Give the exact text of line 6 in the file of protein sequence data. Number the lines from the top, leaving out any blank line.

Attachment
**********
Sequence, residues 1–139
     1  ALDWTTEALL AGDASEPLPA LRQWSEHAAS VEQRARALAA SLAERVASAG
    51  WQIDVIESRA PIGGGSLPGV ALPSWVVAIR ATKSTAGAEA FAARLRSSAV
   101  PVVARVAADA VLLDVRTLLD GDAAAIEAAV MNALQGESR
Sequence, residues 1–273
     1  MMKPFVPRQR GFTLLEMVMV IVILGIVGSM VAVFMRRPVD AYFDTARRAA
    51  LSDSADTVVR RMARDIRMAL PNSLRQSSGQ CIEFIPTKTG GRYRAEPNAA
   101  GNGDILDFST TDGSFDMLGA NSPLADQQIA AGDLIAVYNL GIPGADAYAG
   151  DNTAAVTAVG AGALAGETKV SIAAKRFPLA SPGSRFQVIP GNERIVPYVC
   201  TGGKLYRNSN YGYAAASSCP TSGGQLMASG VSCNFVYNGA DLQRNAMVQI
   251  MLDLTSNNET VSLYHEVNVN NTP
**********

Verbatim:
     1  MMKPFVPRQR GFTLLEMVMV IVILGIVGSM VAVFMRRPVD AYFDTARRAA